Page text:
New York Air Brake (NYAB), Knorr-Bremse’s North American subsidiary, deployed its on-board energy management system, Leader AutoPilot, to test the automatic driving capabilities of a freight train in Colorado. The system managed to automatically start, accelerate, brake, and stop a heavy-haul cargo train in different terrains, helping to cut fuel use and increase efficiency.
Driving on a 77-km test track and with locomotive engineers riding along, the system automatically operated three locomotives and 30 loaded wagons carrying 4,725 trailing tonnes. Solely under the command of a computer, the system managed to start and stop on uphill, downhill and flat grades. The test took place in a Positive Train Control (PTC) environment.
The demonstration was performed at the Transportation Technology Center, in Pueblo, Colorado. Leader AutoPilot uses track profiles, consist data including data on both the train’s cars and locomotives, as well as GPS data to calculate the ideal driving strategy in real time, optimizing fuel consumption and velocity, as well as reducing in-train forces.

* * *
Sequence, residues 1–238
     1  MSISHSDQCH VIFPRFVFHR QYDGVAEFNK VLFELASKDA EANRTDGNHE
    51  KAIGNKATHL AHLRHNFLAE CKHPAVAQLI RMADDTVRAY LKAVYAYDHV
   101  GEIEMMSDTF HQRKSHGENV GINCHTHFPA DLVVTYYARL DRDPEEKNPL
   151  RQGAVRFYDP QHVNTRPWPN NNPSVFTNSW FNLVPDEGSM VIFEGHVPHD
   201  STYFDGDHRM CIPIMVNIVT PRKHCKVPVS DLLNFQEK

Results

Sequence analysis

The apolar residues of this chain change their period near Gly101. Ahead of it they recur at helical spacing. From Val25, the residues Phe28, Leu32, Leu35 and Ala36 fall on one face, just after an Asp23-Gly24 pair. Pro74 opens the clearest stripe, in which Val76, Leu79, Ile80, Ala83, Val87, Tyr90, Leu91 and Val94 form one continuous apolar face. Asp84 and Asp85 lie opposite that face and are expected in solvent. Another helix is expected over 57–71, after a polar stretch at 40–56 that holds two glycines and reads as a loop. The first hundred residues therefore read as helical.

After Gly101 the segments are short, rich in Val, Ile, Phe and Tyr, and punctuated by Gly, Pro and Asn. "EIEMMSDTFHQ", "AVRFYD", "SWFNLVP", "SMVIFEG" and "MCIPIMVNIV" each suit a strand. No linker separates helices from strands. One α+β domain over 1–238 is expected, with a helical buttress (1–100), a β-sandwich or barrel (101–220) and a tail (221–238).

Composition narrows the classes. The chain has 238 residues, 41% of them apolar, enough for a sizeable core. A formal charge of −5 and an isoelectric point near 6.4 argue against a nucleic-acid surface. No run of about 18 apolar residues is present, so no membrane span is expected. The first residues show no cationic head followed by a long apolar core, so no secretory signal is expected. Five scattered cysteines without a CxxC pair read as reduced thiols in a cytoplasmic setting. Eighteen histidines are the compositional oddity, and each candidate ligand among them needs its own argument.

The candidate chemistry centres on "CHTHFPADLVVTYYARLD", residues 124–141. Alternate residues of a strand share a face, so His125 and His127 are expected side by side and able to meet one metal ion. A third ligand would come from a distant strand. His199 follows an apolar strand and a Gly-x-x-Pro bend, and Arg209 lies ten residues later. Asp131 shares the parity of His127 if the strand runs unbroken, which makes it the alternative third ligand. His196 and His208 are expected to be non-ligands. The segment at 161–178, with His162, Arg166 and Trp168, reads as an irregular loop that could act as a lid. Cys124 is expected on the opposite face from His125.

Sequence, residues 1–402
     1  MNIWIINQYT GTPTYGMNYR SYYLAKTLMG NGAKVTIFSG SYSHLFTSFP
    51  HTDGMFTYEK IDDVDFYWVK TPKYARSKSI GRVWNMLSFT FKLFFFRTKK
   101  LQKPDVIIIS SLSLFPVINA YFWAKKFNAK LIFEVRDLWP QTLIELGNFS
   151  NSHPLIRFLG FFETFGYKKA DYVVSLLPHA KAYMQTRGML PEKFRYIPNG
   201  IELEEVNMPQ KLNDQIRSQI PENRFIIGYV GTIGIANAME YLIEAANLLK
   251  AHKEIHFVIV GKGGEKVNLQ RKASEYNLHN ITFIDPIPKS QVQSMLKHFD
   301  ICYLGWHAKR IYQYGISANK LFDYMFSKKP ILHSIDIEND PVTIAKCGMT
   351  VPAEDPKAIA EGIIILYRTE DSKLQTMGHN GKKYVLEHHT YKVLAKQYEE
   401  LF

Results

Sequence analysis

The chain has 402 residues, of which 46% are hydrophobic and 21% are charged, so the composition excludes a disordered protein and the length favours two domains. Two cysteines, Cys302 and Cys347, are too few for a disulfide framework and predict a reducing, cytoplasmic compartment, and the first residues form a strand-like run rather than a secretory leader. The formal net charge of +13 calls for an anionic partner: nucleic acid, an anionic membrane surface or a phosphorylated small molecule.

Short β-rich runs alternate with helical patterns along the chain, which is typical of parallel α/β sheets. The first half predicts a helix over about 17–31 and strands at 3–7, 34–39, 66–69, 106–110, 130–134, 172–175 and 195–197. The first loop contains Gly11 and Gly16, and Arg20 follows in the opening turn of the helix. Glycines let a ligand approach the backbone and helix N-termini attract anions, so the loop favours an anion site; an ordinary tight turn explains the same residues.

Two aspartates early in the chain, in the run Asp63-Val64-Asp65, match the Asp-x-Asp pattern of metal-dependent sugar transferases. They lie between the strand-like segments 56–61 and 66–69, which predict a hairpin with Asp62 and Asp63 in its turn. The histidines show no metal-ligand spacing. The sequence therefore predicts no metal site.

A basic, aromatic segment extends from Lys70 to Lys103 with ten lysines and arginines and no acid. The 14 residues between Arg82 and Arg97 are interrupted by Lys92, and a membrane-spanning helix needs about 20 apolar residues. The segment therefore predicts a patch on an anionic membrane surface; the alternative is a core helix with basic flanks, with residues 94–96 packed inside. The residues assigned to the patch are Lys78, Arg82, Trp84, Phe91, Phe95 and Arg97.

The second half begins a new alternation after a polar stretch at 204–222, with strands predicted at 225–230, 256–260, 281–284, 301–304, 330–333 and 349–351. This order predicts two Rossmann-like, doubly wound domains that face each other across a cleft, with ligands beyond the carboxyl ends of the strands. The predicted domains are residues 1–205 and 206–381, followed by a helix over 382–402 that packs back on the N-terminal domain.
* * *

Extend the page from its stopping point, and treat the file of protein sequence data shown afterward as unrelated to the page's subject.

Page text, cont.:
Following this test, the solution proves that it can also operate trains with pneumatically controlled air brakes, a technology that is predominantly used in North America. This way, the system can precisely execute the driving strategy of each railway which installed the PTC.
“Leader AutoPilot commands all four freight-train control systems – throttle, dynamic brake, independent brake and air brakes – providing precise control that conserves fuel and reduces in-train forces,” said Jason Connell, NYAB’s Senior Vice President of Marketing, Sales, and Service.
Outside the US locomotive and heavy-haul freight market, the principal eco driving functions of Leader have been integrated in the digital platform “iCOM”, adapted for passenger and light freight operation.
Using track profiles and timetable information, train consist data including vehicle data, as well as GPS data and, before long, weather data as well, the “iCOM Assist” driver advisory system gives intelligent recommendations to the engineer to help reduce energy consumption and support on-time operation.
The next step is to increasingly integrate traffic management functions and establish a non-safety-relevant interface with the automatic train protection (ATP) system, strategically moving towards supporting automated train operation in the long run.